Another idea is to speak to the students.  Controversial I know, but using social media can be good. For example:
  • Create a class blog where resources are put. It only really needs to be done once.
  • Use Facebook and Twitter (within your institutions guidelines and policies) to set up reminders and push resources to students.  
I've found that the quality of work goes up and former colleagues have used these very effectively. 

And phones?  I don't care if you allow them or not, that not really the issue.  However, setting up a calendar and getting students to subscribe to it using their phone's calendar has improved homework completion. This has reduced my workload.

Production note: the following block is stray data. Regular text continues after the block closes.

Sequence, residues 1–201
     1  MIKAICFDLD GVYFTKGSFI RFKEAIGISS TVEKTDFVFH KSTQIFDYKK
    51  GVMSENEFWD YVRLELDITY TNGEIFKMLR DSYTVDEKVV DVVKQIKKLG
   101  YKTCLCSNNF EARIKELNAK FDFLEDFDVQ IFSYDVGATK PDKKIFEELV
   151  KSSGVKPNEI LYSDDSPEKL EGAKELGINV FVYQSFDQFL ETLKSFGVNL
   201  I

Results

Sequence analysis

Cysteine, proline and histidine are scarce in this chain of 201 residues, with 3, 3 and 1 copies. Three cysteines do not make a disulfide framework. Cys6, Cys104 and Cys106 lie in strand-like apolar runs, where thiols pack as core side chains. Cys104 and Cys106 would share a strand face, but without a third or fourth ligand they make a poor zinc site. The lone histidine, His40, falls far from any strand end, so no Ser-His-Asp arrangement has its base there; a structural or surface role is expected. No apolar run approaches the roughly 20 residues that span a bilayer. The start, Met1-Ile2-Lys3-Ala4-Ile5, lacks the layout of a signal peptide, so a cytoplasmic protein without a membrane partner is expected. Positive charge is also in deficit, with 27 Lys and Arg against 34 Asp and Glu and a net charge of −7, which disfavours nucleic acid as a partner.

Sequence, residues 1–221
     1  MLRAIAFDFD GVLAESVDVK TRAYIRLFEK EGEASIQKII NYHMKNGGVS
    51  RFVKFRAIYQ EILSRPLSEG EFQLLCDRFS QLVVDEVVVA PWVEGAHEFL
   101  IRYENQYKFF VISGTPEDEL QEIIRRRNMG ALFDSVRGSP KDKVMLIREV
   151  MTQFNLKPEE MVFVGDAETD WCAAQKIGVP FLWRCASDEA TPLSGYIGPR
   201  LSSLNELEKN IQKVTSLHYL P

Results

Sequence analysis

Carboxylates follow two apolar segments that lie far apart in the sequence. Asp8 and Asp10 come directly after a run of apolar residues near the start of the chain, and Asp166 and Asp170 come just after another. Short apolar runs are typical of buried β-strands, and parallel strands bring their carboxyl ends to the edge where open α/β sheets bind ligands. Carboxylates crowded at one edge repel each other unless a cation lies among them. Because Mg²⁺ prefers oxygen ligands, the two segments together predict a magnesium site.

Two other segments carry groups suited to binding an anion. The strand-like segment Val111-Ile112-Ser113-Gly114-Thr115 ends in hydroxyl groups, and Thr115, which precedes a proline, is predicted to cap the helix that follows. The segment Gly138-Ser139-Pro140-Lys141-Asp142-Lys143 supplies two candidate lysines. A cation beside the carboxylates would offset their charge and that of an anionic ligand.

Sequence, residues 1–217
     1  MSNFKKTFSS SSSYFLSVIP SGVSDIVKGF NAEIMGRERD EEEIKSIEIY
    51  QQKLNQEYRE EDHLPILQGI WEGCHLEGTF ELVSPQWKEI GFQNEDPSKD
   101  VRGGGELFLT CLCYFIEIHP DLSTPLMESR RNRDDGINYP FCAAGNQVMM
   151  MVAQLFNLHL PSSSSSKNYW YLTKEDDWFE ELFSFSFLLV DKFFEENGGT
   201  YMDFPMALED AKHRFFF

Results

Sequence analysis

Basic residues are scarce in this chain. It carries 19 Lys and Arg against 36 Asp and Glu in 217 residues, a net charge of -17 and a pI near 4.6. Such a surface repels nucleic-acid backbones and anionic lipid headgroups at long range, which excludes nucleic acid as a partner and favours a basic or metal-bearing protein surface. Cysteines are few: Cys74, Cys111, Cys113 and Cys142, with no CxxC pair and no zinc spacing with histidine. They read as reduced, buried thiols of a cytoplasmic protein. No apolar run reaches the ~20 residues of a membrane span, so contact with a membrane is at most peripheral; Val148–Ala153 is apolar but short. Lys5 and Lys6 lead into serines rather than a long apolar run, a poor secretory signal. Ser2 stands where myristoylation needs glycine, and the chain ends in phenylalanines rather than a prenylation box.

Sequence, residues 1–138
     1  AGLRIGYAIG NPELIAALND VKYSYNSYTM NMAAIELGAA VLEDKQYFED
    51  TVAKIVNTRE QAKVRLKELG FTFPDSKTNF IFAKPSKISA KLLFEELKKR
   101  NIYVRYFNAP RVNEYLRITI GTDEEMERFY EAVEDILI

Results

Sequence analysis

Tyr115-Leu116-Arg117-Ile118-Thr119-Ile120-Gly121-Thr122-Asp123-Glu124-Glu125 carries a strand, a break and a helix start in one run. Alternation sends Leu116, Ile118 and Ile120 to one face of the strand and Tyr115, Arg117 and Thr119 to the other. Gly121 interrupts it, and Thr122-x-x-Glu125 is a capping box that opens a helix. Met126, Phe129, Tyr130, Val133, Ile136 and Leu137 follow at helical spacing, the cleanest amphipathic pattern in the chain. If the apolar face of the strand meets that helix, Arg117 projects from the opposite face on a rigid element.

Anyway, I hope that you get the picture.  Many of the advantages that we have can be used in the classroom.  Technology can reduce workload and improve wellbeing.  The key to technology is not to allow it to dominate teaching and learning decisions. In addition, moving around too quickly doesn't allow anything to become embedded: it's just like Ofsted changing its criteria a few times a year. (speaking of which, they seem very anti handheld at the moment, but if the outcomes are as good as they can be, they'll go away). Technology is a servant of learning.  In terms of whole school improvement, I'd advocate speaking to heads of department first to find out what is needed.